Ancient Rome is not my ordinary stomping grounds. For some reason, avid as I am about a wide range of history, my interest in Rome has mainly been confined to its relations vis a vis Britain. In my travels, I’ve been awed by the omnipresent ruins of the empire. Every continent seems to present with an amphitheater or a collection of decapitated columns or some such splendid ruin. However, a friend suggested I take a look at Pliny.

Pliny the Elder? I knew the name, but little else. Oh, there is a boutique beer by that name recently introduced in our area. Haven’t tried it yet, though. My Google oracle says there will be a Pliny the Younger introduced this very year. I have work to do, don’t I?

At any rate, my friend suggested that In The Shadow of Vesuvius would be a good place to start, so here we are.

For those who are as ignorant as I was before I opened Daisy Dunn’s work,


Pliny the Elder was the uncle of Pliny the Younger, who adopted the young man, whose father died young, at an early age. Pliny and his mother thus came under the care of the Elder. The family was wealthy and well-educated, and Pliny had a scholarly bent thus taking after his learned uncle, who wrote volumes about the area around Vesuvius–flora, fauna, history. Then came 79 A.D. (CE if you’re in museumspeak).

The volcano had been inactive for many long years, but not that year. Without much warning, the mountain started gushing fire, smoke, and death. Pliny the Elder was killed, probably trying to help victims escape the holocaust. Pliny the Younger survived and inherited an enormous collection of property, possessions, and slaves all located around Lake Como. A fascinating if perilous beginning for a young adult, but Pliny was up to it.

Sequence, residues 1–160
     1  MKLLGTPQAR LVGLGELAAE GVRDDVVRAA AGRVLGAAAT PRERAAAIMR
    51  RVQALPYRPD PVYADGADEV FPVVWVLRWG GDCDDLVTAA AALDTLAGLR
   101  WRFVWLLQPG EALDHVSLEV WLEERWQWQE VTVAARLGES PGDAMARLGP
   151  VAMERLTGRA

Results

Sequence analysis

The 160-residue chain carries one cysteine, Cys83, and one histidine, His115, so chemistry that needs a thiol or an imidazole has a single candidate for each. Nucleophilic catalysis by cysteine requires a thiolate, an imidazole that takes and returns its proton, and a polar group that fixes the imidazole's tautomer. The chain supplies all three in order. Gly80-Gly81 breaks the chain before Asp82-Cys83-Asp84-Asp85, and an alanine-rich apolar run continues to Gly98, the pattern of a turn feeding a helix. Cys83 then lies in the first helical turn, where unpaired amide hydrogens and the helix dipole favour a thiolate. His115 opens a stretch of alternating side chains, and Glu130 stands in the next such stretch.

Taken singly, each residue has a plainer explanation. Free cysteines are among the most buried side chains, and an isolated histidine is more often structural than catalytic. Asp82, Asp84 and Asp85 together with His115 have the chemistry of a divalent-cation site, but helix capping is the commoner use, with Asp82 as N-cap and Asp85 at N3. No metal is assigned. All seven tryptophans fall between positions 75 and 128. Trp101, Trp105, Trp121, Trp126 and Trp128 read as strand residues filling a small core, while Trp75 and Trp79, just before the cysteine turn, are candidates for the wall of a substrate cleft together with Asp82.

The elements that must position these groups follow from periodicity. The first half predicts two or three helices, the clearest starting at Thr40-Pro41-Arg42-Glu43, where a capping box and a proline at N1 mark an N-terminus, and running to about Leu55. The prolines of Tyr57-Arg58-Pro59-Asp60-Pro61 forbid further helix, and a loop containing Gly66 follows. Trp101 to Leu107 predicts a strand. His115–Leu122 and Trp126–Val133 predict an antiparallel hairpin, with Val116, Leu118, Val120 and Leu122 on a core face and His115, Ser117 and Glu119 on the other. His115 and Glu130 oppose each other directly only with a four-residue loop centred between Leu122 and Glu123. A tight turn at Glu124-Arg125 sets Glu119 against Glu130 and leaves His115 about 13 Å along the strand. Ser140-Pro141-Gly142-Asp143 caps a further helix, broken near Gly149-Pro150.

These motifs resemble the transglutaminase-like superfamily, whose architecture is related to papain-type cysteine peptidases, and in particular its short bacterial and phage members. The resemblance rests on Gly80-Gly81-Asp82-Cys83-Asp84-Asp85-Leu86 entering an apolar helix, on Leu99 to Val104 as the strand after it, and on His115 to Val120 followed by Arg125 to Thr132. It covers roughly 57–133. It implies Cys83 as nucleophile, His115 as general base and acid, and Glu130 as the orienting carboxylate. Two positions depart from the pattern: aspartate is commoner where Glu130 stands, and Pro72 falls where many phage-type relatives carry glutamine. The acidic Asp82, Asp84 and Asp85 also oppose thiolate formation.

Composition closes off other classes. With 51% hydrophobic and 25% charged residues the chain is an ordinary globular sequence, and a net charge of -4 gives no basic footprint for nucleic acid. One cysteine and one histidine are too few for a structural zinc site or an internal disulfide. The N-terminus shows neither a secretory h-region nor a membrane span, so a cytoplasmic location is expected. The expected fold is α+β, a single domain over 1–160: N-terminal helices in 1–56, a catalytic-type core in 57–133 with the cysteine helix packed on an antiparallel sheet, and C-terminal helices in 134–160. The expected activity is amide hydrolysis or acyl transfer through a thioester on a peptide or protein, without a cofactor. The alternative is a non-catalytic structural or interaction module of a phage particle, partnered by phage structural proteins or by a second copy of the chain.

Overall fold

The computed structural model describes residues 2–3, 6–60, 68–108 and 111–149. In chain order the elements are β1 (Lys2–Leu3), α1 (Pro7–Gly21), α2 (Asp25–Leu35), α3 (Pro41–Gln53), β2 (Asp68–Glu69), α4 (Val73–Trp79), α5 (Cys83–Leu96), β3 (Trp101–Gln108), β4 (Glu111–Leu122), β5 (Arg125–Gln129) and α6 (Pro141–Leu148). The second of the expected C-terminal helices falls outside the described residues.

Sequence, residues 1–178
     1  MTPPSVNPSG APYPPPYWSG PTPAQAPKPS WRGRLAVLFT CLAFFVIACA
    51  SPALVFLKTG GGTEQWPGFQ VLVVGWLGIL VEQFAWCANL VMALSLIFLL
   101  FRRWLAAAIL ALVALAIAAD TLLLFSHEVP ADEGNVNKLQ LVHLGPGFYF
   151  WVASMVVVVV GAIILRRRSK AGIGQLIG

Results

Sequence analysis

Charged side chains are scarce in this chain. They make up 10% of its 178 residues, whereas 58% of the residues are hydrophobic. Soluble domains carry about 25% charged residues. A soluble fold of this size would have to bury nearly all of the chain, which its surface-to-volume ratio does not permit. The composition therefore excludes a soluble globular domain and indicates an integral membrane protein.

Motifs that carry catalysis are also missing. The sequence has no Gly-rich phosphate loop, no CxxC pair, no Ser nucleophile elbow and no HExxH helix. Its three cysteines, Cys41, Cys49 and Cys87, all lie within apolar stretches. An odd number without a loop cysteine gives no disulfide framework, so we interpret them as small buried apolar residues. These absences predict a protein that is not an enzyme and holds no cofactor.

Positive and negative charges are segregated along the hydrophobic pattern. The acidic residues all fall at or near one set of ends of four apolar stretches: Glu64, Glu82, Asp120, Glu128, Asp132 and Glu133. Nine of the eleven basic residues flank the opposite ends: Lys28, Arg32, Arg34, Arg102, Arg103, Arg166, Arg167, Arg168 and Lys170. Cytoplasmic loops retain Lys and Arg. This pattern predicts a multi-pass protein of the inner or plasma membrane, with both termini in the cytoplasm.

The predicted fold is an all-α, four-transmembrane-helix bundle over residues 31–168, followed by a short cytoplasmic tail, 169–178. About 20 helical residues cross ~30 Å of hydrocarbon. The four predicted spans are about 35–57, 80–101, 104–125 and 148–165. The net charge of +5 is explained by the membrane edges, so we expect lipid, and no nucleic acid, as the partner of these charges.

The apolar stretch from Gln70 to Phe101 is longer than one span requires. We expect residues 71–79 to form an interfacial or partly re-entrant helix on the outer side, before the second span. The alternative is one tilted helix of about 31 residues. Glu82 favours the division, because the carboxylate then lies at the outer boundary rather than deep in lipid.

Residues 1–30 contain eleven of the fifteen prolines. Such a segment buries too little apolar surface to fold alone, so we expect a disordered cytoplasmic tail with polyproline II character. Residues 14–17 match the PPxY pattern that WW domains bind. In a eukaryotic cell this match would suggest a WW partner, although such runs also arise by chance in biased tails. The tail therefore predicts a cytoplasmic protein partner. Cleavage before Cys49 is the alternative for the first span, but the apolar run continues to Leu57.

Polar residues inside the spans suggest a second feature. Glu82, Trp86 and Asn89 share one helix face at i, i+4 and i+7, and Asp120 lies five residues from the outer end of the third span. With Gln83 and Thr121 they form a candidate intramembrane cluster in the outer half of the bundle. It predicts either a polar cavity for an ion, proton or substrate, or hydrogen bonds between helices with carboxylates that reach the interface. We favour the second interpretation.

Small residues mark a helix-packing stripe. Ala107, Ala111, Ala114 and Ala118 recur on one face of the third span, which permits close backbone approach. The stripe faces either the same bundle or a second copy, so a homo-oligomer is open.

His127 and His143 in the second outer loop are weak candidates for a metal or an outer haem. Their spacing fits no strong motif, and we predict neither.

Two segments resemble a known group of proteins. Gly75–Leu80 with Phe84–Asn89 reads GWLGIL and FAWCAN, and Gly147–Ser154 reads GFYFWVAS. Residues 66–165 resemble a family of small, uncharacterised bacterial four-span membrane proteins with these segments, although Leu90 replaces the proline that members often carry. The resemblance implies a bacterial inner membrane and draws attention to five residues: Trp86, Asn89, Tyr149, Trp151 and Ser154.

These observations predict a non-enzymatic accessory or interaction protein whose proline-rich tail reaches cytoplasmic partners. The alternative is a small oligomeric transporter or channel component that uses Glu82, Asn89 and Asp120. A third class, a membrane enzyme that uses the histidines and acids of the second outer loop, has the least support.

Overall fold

He proved as assiduous about writing and study as his uncle. He also fashioned himself a political career, drawing on his knowledge of law and his writing skills. He defended and prosecuted. He delivered hours-long speeches on the floor of the Senate, (The Senate still had a couple of centuries to go before Diocletian essentially abolished it.), and emperors took notice of him and his skills.

Pliny worked long hours with few breaks. He wrote history, and like his uncle, was interested in horticulture. He conducted numerous agricultural experiments, his vast landholding giving him access to a variety of soils, moisture, and sun exposure. And always he was writing, sometimes to explore matters appropriate to his great intellect, sometimes to acquit himself in court, sometimes to curry favor with an emperor (which could be a matter of life or death).

His was a remarkable and aristocratic life, and apparently his observations are the best record we have of first century Rome. Pretty fascinating stuff.

A note about the author. Ms. Dunn is quite the scholar herself, noting that she has done a lot of her own translating of the Greek and Latin documents she used for her research. In another life, I’ll be able to cruise through various languages in that manner. In the meantime, all I can do is worship from afar.